Grandfather with Alzheimer’s Disease Primary Caregiver For Wife

How would my grandpa with Alzheimer’s use his phone to notify my father that something happened to grandma. No one lives in with the grandparents at the moment.

Grandfather with Alzheimer’s Disease Primary Caregiver For Wife
Grandfather with Alzheimer's Disease Cares For Wife 

Karleigh Asks The Experts

Hello. Both grandparents are not great. Grandfather has dementia/Alzheimer’s. Grandma has heart issues. How would my grandpa with Alzheimer’s use his phone to notify my father that something happened to grandma. No one lives in with the grandparents at the moment.

Thank you for your amazing resources btw!


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Karleigh asks - "How would my grandpa with Alzheimer’s use his phone to notify my father that something happened to grandma. No one lives in with the grandparents at the moment."

Karleigh, Thanks for a great question. If your grandfather is your grandmother's primary caregiver, he is going to mentally decline.

It sounds like your grandfather is in the very early stages of dementia. He may still be able to use a phone. The problem that most families do not understand is that the person with dementia is starting to have difficulty processing a situation and retrieving information to develop a response or a plan of action.

Your father has two patients. Caring for someone with Alzheimer's Disease can be incredibly challenging. It's important to understand the different stages of Alzheimer's and how they can impact a person with AD.

Your dad is walking a fine line between making your grandfather feel useful and productive, as he provides care to his wife. The actual act of providing care for his wife can slow the progression of the disease. He's challenging himself to get out of bed, to take care of her.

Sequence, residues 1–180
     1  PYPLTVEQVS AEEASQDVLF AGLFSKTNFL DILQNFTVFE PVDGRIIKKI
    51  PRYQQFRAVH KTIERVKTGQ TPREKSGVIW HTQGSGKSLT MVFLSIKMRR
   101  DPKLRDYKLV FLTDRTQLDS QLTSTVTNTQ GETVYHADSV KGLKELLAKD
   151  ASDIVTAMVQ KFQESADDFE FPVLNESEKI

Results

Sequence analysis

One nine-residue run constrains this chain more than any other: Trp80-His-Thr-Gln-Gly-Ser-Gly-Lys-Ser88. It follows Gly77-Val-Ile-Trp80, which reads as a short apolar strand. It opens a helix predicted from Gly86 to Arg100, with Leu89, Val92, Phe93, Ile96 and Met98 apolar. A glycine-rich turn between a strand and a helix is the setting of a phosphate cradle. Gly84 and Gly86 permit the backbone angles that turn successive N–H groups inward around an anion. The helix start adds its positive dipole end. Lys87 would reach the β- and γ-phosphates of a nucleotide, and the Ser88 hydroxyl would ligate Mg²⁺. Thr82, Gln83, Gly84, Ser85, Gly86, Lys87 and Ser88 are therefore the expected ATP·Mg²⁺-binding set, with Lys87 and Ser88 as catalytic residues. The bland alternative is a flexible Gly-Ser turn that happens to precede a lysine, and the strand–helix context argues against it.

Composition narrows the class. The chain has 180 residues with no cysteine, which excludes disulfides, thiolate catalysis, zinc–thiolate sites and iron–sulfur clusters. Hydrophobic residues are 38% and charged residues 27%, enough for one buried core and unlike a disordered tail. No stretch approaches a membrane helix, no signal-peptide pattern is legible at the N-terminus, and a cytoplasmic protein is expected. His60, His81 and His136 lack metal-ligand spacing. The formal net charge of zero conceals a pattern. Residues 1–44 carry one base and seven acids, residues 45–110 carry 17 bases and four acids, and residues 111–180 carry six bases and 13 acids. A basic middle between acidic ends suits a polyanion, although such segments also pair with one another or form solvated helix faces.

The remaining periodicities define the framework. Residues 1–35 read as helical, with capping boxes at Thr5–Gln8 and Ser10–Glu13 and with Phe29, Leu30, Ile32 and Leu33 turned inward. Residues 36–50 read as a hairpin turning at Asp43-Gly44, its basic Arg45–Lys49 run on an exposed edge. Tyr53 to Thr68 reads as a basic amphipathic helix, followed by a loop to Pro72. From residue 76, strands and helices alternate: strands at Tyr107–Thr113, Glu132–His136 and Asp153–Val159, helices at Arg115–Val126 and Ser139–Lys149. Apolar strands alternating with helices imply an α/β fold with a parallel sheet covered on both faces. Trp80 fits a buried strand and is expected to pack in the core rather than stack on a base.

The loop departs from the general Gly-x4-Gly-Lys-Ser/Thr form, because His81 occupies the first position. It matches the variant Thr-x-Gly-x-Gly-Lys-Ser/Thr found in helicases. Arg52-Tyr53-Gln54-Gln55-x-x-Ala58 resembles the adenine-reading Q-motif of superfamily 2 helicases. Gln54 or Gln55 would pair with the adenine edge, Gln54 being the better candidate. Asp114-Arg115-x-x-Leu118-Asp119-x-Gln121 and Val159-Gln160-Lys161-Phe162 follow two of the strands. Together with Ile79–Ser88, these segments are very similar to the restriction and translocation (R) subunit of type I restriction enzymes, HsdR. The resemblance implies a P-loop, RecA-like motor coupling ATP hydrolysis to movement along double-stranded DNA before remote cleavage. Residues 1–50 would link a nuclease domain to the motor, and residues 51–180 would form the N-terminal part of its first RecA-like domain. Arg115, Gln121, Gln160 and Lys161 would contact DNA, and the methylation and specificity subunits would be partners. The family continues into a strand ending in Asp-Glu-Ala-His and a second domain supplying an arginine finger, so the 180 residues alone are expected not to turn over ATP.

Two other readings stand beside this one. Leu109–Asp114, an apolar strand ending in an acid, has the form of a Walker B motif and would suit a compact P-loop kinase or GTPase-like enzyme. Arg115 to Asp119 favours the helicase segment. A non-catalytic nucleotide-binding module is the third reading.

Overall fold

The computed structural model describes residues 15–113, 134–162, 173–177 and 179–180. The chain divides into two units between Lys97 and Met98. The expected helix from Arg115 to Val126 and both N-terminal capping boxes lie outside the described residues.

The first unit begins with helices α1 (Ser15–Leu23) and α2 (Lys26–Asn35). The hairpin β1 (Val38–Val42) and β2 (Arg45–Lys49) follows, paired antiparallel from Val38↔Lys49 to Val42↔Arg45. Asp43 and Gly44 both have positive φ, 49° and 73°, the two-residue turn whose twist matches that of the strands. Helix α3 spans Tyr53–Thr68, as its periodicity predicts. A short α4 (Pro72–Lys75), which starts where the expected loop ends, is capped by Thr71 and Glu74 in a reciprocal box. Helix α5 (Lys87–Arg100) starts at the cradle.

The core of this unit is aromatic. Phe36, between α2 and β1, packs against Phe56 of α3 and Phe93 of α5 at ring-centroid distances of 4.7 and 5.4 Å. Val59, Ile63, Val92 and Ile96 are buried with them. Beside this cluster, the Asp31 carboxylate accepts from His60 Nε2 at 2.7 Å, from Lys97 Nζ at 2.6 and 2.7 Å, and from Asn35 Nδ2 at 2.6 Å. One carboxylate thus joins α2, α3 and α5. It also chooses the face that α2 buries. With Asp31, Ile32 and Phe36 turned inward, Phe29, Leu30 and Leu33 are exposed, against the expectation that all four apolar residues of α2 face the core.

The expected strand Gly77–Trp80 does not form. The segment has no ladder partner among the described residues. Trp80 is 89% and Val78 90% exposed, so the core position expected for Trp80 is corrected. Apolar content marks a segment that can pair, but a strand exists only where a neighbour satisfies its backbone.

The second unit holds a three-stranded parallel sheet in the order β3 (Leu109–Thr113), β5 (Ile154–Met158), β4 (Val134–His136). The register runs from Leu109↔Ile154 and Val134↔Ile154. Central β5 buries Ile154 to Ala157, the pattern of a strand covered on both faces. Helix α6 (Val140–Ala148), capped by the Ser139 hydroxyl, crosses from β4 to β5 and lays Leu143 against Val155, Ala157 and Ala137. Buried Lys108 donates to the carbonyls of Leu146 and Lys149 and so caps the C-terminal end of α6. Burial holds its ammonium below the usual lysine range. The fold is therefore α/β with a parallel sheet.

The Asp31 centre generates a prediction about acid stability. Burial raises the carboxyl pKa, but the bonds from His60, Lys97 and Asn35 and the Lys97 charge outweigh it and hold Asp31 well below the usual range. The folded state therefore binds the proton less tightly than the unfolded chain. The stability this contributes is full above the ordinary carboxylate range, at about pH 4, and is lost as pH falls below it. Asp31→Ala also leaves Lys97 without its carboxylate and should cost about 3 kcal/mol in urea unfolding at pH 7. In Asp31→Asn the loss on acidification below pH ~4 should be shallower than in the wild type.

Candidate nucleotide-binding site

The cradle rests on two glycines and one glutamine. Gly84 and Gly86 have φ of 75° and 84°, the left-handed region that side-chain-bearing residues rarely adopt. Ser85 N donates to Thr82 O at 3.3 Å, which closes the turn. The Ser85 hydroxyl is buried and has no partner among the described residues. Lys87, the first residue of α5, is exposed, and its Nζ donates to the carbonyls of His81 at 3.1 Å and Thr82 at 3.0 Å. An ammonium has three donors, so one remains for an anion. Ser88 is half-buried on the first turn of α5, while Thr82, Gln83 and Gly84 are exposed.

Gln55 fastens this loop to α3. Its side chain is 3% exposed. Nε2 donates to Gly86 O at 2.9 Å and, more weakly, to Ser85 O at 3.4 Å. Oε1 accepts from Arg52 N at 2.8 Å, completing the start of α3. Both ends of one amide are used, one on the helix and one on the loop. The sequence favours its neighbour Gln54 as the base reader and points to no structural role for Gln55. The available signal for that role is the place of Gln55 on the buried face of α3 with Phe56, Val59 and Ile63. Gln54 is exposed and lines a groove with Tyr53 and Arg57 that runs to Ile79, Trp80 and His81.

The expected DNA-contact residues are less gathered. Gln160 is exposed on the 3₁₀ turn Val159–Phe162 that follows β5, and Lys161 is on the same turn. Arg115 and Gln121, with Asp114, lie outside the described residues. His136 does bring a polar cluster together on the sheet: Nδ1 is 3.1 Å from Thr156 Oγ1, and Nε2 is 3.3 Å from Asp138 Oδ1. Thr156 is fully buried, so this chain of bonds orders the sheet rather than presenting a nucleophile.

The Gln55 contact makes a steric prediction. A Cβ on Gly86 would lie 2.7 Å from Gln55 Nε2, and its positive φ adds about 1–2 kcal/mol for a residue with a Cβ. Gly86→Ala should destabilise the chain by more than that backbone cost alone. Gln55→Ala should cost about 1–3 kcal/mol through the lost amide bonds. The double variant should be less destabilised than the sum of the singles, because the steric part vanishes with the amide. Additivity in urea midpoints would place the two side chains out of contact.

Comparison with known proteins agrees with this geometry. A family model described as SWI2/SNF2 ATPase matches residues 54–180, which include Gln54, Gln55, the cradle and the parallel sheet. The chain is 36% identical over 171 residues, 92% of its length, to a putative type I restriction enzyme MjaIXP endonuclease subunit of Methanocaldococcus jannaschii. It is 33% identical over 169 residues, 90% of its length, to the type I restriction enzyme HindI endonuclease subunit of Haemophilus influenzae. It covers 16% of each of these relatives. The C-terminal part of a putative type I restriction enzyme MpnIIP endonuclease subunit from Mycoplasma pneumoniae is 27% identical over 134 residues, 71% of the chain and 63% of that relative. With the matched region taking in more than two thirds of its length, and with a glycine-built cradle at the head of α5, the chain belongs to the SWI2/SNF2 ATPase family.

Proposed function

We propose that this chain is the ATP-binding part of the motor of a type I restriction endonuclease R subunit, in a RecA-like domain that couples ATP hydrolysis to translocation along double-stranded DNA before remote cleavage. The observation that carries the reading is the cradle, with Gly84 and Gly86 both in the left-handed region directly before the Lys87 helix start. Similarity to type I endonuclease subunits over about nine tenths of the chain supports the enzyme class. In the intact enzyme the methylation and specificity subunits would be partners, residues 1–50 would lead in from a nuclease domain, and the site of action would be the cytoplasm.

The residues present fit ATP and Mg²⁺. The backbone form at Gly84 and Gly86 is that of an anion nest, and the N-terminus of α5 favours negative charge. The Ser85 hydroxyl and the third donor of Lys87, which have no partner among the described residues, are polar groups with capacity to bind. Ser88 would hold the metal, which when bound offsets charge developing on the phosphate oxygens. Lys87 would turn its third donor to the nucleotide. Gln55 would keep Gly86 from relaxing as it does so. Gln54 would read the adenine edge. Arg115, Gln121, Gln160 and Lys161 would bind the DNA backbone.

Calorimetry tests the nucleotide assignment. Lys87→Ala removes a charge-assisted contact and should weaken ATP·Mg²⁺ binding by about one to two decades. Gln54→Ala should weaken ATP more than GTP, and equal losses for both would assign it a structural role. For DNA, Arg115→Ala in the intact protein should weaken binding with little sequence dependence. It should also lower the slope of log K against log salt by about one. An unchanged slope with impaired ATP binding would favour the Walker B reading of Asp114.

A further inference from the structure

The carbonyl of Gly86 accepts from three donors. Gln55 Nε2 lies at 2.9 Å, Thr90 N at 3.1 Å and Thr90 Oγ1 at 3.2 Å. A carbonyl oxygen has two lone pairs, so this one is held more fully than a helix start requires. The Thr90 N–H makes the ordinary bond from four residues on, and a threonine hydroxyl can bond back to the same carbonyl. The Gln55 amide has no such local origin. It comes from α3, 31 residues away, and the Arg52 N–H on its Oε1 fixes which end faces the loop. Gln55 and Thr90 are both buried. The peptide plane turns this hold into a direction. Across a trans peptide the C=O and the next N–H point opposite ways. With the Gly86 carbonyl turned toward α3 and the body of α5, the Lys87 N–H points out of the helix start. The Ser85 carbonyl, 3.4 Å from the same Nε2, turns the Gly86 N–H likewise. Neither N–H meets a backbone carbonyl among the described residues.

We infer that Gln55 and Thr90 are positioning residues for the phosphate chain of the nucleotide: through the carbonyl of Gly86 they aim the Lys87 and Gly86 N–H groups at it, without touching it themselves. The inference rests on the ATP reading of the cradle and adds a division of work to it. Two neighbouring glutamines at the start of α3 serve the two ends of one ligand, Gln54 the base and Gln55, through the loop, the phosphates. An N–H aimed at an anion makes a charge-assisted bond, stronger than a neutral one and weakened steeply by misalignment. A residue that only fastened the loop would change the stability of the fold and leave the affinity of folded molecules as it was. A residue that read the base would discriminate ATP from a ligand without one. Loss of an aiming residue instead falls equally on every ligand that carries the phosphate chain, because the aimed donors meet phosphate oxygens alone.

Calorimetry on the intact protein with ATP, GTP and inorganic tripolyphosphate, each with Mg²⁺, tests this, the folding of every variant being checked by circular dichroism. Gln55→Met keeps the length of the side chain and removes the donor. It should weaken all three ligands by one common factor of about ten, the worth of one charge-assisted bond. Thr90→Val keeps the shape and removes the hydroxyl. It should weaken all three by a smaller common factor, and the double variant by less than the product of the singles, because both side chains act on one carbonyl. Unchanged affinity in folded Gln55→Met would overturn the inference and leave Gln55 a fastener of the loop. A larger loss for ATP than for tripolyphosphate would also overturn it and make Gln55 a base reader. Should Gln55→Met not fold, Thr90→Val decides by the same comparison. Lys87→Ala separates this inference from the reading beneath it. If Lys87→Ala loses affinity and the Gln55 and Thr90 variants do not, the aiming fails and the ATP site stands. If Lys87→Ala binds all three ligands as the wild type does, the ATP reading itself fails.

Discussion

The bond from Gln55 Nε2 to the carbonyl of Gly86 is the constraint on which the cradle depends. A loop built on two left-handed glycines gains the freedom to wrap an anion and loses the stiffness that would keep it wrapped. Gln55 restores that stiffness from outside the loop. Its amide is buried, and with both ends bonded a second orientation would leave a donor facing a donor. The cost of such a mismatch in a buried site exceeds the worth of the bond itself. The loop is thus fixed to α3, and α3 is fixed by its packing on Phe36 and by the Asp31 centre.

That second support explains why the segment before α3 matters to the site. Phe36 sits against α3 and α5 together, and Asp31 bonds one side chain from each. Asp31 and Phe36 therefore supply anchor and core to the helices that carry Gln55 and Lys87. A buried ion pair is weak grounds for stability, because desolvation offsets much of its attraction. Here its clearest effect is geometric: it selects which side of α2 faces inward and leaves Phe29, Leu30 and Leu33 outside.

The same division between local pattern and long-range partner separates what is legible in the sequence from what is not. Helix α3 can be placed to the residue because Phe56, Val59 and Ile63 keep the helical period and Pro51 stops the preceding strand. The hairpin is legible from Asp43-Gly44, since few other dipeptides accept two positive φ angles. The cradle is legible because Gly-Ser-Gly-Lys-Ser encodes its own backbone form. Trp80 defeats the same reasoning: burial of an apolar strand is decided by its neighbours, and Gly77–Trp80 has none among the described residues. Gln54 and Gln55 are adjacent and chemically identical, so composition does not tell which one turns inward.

As Alzheimer's disease progresses, it will become increasingly difficult to manage daily activities. The common signs of Alzheimer's are memory loss, and difficulty in completing everyday tasks that require problem solving or planning. As Alzheimer’s progresses through its various stages, these symptoms usually become more pronounced. With Alzheimer’s, memory loss will worsen over time; however, other aspects of cognition such as language and judgment may also decline significantly.

It is important to remember that each person with Alzheimer’s will experience the stages differently; however, being informed on the various stages can help both person with AD and the caregiver to better understand Alzheimer’s disease.

Putting systems in place and getting organized can be helpful in providing the best possible care for someone with Alzheimer’s. This can include setting up regular appointments, planning out meals and activities, creating a list of emergency contacts. All these measures are vital in providing quality care to those living with Alzheimer’s Disease.

A Dementia Love Story

Your concern is being proactive. It is important to put a system in place to monitor your grandfather's mental status. Individuals with dementia lose the ability to problem solve and create a plan of action.

My suggestion is to make sure you are organized and prepared for an unexpected trip to the emergency room. In this case, you need to be prepared for a decline in your grandfather's mental decline.

Getting organized with legal and medical information in one place. Create and maintain an updated medications list for both grandparents.

If your grandfather is making sure your grandmother is taking her medications, you need to put a medication system in place. Your grandfather may not be able to do that over the long run.

I am going to suggest that you look into several tools that can help you monitor your grandfather, I suggest you look into a medical alert system. This will help you and your grandfather, because if he falls, or your grandmother falls, there will be support. The company will be alerted and start calling first responder etc, if there is a medical crisis.

I know this is an intrusive suggestion. You may want to put video cameras in a few strategic spots in the home. This will allow you to monitor both grandparents' activity and physical status. If one stays on bed too long, or has a change in physical abilities, you will be able to see what is occuring.

This was a great question. There are so many things you must consider when dealing with a spouse with dementia providing care. Putting systems in place will help promote safety in the home. I hope this was helpful

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Dementia Confusion with the Telephone: Tips for Caregivers
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